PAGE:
Arthur Forer

PhD (Dartmouth), FRSC forergranddaughter
Professor Emeritus
E–mail: aforer@yorku.ca
Research Area: Cell Biology

Research Focus

I study chromosome movements during cell division. We try to understand the entire process of cell division, but concentrate on chromosome movements during anaphase.

During anaphase, chromosomes move slowly to a spindle pole, near the speed of a tectonic plate. One simple question is: what produces the force that causes the chromosome to move poleward? All agree that the spindle fibre associated with the chromosome contains microtubules, and that the fibre propels the chromosomes poleward, but there is no agreement on how this is done. Most work concentrates on microtubules, but there are other components in spindle fibres including actin and myosin; no-one knows what the different components do. One way we studied this was to irradiate small portions of spindles using a focussed beam of ultraviolet light (a UV microbeam) or a laser microbeam; after irradiation we studied chromosome or spindle pole movement in the irradiated cells using video microscopy and we looked at the structure of the irradiated spot using immunofluorescence (confocal) and electron microscopy. Chromosomes moved normally after the UV severed both microtubules and actin (Forer et al., 2003; Sheykhani et al., 2013a), so we argue that chromosomes move because a spindle matrix propels the chromosome’s spindle fibre poleward (review in Johansen et al., 2011; Forer et al., 2015). We implicated actin and myosin in force production using inhibitors (e.g., Sheykhani et al., 2013b), and we identified titin, another muscle protein, in spindles (Fabian et al., 2007); thus the matrix might contain actin, myosin and titin.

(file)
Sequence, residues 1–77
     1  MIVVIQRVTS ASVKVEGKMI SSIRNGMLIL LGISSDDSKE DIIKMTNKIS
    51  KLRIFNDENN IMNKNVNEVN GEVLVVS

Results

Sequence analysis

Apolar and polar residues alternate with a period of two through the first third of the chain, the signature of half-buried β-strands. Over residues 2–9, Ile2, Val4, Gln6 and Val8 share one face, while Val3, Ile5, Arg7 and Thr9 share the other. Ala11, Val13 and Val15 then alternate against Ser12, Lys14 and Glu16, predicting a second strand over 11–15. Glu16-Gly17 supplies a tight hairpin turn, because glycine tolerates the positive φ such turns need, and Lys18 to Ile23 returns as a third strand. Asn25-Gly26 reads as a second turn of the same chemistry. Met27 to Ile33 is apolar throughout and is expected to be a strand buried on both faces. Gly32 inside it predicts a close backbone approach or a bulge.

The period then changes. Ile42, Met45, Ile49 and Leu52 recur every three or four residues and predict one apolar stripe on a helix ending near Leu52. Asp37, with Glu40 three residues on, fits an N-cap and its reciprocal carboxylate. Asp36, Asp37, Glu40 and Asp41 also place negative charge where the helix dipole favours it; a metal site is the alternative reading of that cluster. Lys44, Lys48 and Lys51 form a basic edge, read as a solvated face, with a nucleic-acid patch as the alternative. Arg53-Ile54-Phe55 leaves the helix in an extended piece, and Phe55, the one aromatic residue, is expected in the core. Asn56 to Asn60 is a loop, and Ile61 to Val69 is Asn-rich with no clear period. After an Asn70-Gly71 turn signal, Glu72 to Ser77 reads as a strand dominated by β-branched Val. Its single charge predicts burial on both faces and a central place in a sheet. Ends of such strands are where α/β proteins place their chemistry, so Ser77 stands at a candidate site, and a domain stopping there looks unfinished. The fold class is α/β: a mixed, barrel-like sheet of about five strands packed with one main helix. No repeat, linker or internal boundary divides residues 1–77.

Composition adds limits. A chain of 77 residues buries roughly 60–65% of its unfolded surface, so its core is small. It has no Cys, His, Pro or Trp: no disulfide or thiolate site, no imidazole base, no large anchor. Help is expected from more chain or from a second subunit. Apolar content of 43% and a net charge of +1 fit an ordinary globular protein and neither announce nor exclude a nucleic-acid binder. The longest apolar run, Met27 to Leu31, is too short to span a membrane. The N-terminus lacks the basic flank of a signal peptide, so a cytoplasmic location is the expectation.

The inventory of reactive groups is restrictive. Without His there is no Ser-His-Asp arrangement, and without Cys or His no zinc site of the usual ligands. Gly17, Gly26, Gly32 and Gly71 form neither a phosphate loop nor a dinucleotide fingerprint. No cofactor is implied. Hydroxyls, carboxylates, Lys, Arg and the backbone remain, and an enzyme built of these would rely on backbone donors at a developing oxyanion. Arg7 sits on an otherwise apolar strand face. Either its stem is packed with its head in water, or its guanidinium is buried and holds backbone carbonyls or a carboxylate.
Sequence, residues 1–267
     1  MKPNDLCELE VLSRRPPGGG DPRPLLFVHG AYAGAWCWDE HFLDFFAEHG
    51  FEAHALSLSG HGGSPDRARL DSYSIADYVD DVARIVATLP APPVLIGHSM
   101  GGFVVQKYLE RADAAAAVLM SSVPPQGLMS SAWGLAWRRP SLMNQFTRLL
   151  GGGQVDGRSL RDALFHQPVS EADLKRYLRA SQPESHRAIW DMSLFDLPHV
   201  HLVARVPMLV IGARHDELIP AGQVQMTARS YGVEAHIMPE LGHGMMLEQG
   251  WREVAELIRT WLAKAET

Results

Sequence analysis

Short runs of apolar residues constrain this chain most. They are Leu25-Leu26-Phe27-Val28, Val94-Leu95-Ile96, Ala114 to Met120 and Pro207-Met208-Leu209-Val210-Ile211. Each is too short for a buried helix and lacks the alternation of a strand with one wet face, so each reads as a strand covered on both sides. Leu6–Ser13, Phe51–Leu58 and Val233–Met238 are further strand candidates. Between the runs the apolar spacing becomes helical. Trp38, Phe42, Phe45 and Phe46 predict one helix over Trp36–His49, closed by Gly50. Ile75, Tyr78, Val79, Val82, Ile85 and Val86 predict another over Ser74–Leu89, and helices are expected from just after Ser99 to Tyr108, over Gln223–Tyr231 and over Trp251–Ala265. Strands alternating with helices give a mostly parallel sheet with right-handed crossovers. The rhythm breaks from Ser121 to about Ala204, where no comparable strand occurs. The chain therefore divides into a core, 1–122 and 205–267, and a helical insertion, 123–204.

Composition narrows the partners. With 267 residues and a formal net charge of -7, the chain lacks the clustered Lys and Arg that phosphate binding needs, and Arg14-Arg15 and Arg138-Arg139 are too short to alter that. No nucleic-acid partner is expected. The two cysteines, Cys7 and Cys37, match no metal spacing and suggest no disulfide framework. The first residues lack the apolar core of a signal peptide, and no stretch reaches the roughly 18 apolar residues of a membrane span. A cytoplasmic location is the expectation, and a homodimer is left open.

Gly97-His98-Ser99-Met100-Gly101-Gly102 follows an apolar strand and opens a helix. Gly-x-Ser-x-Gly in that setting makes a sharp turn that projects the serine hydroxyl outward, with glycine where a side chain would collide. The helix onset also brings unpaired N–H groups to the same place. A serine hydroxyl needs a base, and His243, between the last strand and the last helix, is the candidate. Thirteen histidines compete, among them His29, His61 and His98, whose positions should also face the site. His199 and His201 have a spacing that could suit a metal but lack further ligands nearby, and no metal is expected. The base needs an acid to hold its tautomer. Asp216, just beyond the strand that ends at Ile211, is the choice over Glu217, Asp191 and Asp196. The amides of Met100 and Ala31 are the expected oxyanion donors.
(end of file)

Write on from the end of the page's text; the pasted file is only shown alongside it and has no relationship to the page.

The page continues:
We also study “signalling” between chromosomes. Irradiation of a spindle fibre in anaphase temporarily blocks the motion of the associated chromosome, but it also blocks the motion of the partner chromosome (moving to the opposite pole). The partner stops moving because of a “signal” sent across the interzone: when the interzone is irradiated first, only the chromosome associated with the fibre stops moving, not the partner (Yin and Forer, 1996). There are other ‘signals’ as well: in “distance segregation”, unpaired chromosomes nonetheless move to opposite poles, but we have no idea how they signal to each other (Ferraro-Gideon et al., 2013, 2014; Forer et al., 2013).

Representative  Publications:

Forer et al. (2015) Protoplasma 252: 775-781.

Ferraro-Gideon et al. (2014) Protoplasma 251: 127-143.

Ferraro-Gideon et al. (2013) Cell Biology Internatioinal 37: 892-898.

Forer A. et al. (2013) Protoplasma 250: 1045-1055.

Sheykhani et al. (2013a). Cytoskeleton 70: 241-259.

Sheykhani et al. (2013b). European J Cell Biol. 92: 175-186.

Fabian, L. Xia, X., ... and Forer, A. (2007). Journal of Cell Science 120: 2190-2204.

Forer, A. et al. (2003). Cell Motility and the Cytoskeleton 56: 173-192.

Ilagan, A. and Forer, A. (1997). Cell Motility and the Cytoskeleton 36: 266-275.

Yin, B. and Forer, A. (1996). J. Cell Science 109: 155-163.